- The risk of catching the coronavirus by venturing out of your house is not all or nothing.
- We spoke to Dr. Susan Hassig, an epidemiologist at Tulane University, to find out which activities are not too risky, and which you should try to avoid.
- Gatherings with groups of friends or family are risky, Hassig said.
- Catching the virus from opening mail or touching groceries is unlikely, she said.
- Visit Business Insider’s homepage for more stories.
Coronavirus transmission is not black and white — some activities are riskier than others, while some should cause little worry.
As states start to reopen parts of their economies and people tire of an all-out quarantine, the risk level of various activities should be considered to make decisions about what’s safe and what should be avoided.
Harvard Medical School professor Julia Marcus recently argued in The Atlantic that we should remember risk is not binary, and an abstinence-only approach — like that used in some sex education — won’t help. “Likewise, asking Americans to abstain from nearly all in-person social contact will not hold the coronavirus at bay — at least not forever,” she wrote.
So we spoke to Dr. Susan Hassig, an associate professor of epidemiology at the Tulane University School of Public Health and Tropical Medicine in New Orleans, about the risk of going out to eat, gathering with friends, or opening mail.
While different activities are riskier than others by nature, you should always wear a mask when possible and try to keep a distance of 6 feet from others.
Actions like social distancing and wearing a mask (or the lack thereof) can alter risk level significantly.
Here’s what you should consider about various activities as restrictions start to lift across the country.
High risk: Gathering with family or friends
Getting together with family or friends who don’t live in your household comes with a high risk of infection, Hassig said.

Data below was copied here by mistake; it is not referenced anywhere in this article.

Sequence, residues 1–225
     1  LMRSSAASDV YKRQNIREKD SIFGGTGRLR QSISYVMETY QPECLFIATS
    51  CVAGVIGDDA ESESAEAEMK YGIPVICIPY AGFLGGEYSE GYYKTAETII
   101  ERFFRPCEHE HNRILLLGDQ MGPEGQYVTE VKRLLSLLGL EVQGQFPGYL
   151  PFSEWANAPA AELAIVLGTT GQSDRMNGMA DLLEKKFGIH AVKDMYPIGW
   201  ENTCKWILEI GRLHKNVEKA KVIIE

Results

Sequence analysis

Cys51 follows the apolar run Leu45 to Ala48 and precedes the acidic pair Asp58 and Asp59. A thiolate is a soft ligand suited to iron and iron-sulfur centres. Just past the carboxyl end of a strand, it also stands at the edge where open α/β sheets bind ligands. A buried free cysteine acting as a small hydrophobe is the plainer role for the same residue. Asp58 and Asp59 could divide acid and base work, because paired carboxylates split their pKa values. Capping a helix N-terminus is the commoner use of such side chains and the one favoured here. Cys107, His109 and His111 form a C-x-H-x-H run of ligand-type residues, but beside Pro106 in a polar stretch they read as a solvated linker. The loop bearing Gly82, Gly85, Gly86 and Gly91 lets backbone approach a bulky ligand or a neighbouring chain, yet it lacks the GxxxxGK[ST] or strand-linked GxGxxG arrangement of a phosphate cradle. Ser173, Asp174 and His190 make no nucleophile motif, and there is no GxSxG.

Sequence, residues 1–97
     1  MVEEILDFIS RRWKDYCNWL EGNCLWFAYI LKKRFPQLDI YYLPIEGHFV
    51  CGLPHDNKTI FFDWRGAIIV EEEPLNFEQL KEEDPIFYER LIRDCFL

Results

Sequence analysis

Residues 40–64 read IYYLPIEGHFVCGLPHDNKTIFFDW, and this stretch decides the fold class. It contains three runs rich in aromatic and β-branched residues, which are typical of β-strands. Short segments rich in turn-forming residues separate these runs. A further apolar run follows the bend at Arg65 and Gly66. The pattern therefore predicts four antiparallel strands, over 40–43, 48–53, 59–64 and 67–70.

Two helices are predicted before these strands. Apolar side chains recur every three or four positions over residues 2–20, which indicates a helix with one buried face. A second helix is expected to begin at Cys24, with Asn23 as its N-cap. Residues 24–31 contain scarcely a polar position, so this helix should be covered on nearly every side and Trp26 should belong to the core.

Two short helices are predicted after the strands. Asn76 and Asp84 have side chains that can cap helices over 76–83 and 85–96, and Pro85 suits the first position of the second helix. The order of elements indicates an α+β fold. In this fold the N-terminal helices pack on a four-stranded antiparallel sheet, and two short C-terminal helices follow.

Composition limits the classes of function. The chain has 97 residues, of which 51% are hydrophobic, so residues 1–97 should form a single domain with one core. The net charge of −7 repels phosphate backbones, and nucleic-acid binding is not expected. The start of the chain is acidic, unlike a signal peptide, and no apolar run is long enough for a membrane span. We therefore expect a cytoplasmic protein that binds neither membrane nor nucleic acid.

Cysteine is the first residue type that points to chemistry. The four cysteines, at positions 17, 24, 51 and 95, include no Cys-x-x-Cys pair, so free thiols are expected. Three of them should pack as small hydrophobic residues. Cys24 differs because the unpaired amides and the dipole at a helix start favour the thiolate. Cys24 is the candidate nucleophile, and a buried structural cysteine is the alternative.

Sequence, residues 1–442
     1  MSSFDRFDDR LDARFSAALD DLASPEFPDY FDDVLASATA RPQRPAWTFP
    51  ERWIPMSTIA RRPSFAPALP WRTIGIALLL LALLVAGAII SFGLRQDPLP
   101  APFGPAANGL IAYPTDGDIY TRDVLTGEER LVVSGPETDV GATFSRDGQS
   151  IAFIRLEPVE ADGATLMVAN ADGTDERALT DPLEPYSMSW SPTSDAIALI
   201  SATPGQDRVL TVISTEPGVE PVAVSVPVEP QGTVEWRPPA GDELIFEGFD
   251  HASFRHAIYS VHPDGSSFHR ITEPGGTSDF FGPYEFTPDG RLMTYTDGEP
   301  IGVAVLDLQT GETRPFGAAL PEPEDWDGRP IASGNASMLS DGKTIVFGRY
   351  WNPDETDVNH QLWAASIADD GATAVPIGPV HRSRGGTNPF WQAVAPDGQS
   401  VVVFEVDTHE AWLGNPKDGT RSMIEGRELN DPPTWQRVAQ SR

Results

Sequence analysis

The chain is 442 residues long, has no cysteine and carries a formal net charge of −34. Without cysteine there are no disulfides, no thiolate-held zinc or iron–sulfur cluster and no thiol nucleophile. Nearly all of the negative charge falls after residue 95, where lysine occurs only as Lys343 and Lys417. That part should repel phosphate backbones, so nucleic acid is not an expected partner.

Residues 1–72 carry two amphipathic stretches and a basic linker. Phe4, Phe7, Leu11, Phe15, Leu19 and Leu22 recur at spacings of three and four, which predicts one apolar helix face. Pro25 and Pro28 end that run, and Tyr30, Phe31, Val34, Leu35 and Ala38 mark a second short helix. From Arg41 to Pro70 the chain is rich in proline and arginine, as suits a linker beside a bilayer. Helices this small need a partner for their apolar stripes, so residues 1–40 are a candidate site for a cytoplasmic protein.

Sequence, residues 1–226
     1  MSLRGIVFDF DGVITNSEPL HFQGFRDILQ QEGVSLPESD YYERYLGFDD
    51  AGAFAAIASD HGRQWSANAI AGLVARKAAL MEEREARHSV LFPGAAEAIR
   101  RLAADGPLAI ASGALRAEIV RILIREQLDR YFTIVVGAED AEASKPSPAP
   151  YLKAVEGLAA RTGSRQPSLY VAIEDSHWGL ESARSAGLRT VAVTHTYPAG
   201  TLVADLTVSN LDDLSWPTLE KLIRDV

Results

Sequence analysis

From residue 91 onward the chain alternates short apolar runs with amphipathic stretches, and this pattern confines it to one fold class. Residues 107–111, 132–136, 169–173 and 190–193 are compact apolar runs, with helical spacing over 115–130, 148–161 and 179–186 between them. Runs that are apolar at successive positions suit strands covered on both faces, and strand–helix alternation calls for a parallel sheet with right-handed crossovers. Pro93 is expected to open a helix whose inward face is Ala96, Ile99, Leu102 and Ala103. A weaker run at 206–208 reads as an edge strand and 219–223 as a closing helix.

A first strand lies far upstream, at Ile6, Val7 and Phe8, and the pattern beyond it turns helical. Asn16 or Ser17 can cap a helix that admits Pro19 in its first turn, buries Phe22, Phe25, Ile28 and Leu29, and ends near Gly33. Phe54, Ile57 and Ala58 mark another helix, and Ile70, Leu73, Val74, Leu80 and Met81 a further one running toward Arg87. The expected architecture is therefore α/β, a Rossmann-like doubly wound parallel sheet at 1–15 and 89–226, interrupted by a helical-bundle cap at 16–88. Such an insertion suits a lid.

“If you haven’t been living with them, then there’s a potential risk,” she said.
Family and friends are unlikely to wear masks or social distancing when gathering, and asymptomatic people could spread the virus there.
If you do decide to get together with family or friends, you should consider the age and underlying conditions of the people there and those you live with.
You should also consider who your friends could have come in contact with. Are they mostly staying at home? Or are they visiting different friends every day?
“It’s not just your friend [you’re seeing], it’s everybody they’ve spent time with,” Hassig said.
High risk: Bars
Bars “should not be allowed to open,” Hassig said.
The nature of bars — mingling, crowded bartops, and the inability to wear a mask while you’re drinking — make them a high-risk place for coronavirus infection, Hassig said.
An added risk: Alcohol hinders decision making, which could make those factors even worse.
High: Religious functions
Rituals like hand-shaking and communion in the Catholic church, dense crowds, and the older-skewing members make religious services a high-risk place for coronavirus infections.
The risk could be lowered by social distancing, mask-wearing, and abstaining from rituals that involve touching, eating or drinking.
High risk: Movie theaters and sporting events